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Most people feel 'psychologically close' to climate change, find researchers

Most people feel “psychologically close” to climate change
Perceiving climate change as psychologically distant is not a key reason why people do not engage in climate action. Credit: One Earth (2023). DOI: 10.1016/j.oneear.2023.03.006

When spurring action against climate change, NGOs and governmental agencies frequently operate on the assumption that people are unmotivated to act because they view climate change as a problem that affects distant regions far in the future. While this concept, known as psychological distance, seems intuitive, researchers report in the journal One Earth on April 21 that most people see climate change as an important and timely issue even if its impacts are not immediately noticeable.

"There is no consistent evidence that perceiving as psychologically distant hinders , with studies reporting mixed results," write the authors, led by Dr. Anne M. van Valkengoed of the University of Groningen in the Netherlands.

van Valkengoed and her colleagues collected results from surveying people about their views on climate change, some of which included over 100,000 people from 121 different countries. The polls showed that over 50% of participants actually believe that climate change is happening either now or in the near future and that it will impact their local areas, not just faraway places.

The team also looked at the results of several studies designed to test the relationship between psychological distance and climate action. Out of 26 reviewed studies, only nine found a between psychological distance and climate action. In fact, some studies showed that viewing climate change as impacting distant places and communities made people want to take more action. The researchers also found that 25 out of 30 studies failed to prove that experimentally decreasing psychological distance increased climate action.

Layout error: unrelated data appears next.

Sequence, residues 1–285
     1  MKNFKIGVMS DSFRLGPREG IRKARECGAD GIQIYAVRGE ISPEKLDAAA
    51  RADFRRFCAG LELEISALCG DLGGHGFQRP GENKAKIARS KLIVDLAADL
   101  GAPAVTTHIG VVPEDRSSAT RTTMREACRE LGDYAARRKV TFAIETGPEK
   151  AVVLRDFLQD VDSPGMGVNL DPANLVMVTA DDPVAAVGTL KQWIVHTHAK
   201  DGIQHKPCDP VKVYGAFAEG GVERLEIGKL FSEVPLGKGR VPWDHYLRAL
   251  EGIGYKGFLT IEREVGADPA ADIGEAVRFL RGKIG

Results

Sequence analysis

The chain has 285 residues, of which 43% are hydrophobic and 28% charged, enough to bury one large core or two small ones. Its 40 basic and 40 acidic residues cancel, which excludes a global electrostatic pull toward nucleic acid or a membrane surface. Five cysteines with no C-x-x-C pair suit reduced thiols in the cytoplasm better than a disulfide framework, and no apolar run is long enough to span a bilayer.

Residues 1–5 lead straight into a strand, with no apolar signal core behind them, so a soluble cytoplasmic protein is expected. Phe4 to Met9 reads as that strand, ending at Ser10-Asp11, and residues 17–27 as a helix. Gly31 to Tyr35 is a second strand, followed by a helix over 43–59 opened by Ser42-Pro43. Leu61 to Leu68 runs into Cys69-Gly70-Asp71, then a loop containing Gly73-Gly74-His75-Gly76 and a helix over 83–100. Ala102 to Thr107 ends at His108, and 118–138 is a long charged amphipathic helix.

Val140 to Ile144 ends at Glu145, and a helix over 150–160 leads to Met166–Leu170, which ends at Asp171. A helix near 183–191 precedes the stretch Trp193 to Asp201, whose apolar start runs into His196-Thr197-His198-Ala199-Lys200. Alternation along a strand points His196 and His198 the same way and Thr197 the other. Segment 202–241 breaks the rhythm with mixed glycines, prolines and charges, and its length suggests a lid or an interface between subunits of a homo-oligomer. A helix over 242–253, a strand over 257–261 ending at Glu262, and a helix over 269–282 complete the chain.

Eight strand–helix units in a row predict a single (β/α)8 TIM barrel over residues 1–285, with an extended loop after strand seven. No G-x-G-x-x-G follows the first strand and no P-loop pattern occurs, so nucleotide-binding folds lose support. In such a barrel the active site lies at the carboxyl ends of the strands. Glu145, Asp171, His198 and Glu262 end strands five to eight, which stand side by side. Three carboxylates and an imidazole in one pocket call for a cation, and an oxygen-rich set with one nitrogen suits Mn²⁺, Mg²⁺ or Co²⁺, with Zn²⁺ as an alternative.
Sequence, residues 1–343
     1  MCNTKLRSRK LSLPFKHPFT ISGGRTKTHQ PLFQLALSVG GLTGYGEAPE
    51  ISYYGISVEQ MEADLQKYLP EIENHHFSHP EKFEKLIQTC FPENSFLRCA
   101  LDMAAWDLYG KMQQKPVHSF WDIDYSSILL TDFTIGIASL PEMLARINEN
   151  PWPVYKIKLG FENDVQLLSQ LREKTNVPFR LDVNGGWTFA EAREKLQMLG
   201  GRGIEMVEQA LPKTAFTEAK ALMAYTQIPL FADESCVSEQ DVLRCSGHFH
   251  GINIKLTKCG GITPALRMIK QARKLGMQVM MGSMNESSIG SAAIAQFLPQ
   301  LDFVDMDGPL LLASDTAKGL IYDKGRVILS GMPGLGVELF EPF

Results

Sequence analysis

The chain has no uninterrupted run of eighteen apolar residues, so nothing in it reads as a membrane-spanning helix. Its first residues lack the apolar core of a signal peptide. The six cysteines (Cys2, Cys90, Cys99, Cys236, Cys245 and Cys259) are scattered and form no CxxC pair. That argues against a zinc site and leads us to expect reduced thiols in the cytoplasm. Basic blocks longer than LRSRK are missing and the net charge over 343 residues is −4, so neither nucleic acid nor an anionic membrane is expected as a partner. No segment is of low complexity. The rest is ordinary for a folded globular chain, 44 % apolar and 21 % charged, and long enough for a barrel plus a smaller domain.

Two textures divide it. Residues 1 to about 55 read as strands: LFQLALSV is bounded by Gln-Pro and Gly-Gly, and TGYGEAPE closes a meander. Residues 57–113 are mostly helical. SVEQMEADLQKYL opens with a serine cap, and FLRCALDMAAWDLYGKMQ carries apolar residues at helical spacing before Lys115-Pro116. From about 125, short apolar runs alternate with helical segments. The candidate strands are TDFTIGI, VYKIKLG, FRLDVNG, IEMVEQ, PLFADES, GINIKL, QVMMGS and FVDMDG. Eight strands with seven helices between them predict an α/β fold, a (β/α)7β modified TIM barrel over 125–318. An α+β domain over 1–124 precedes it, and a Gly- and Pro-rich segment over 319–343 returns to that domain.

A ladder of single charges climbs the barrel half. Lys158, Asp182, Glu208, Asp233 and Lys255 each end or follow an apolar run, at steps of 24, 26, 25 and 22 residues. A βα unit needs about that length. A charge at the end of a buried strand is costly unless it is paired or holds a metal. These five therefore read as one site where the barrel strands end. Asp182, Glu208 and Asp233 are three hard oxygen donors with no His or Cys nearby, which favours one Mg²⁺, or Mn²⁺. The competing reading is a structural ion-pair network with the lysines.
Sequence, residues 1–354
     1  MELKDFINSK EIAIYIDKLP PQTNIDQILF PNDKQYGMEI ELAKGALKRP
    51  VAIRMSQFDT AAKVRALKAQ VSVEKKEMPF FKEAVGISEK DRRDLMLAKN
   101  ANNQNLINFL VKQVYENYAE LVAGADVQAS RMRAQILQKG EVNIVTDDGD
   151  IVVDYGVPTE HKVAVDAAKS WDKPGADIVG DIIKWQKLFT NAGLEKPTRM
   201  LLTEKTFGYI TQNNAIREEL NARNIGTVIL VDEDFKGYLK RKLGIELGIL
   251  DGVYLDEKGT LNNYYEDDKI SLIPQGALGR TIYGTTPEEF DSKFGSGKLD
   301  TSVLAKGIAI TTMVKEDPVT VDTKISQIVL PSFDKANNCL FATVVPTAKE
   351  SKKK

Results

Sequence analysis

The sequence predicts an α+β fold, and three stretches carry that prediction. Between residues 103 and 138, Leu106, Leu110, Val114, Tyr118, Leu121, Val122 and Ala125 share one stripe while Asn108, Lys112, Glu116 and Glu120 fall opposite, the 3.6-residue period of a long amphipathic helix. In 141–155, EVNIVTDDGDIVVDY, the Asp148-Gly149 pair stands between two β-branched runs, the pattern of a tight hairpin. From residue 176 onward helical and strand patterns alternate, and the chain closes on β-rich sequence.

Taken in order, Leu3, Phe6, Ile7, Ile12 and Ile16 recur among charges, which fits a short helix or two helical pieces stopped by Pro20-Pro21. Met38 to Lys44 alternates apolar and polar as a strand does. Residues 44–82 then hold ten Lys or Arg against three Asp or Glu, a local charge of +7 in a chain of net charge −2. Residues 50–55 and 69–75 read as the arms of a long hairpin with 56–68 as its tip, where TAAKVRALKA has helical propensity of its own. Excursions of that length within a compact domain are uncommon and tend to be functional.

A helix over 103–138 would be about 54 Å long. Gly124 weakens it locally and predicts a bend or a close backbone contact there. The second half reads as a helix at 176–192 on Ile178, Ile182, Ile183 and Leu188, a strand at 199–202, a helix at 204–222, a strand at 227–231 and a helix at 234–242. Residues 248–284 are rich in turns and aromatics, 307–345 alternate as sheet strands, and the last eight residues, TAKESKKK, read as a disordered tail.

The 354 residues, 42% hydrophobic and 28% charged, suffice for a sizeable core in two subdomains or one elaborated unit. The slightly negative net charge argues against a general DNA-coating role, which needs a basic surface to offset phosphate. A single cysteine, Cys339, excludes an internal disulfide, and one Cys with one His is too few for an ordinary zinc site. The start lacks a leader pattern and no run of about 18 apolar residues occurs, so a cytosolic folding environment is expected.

The pervasive misconception about the relationship between and climate action could actually be impeding progress in mitigating climate change due to , suggest the authors. For example, if people think others perceive climate change as psychologically distant and therefore aren't taking action, they might be less likely to act themselves. Also, they might think that their efforts are futile because real environmental change relies on the combined efforts of many.

"We therefore recommend researchers, communicators, and policymakers instead focus on how to leverage the finding that many people already perceive climate change as occurring here and now," said the researchers.

More information: Anne M. van Valkengoed et al, The psychological distance of climate change is overestimated, One Earth (2023). DOI: 10.1016/j.oneear.2023.03.006

Journal information: One Earth

Provided by Cell Press

Citation: Most people feel 'psychologically close' to climate change, find researchers (2023, April 21) retrieved 24 June 2024 from
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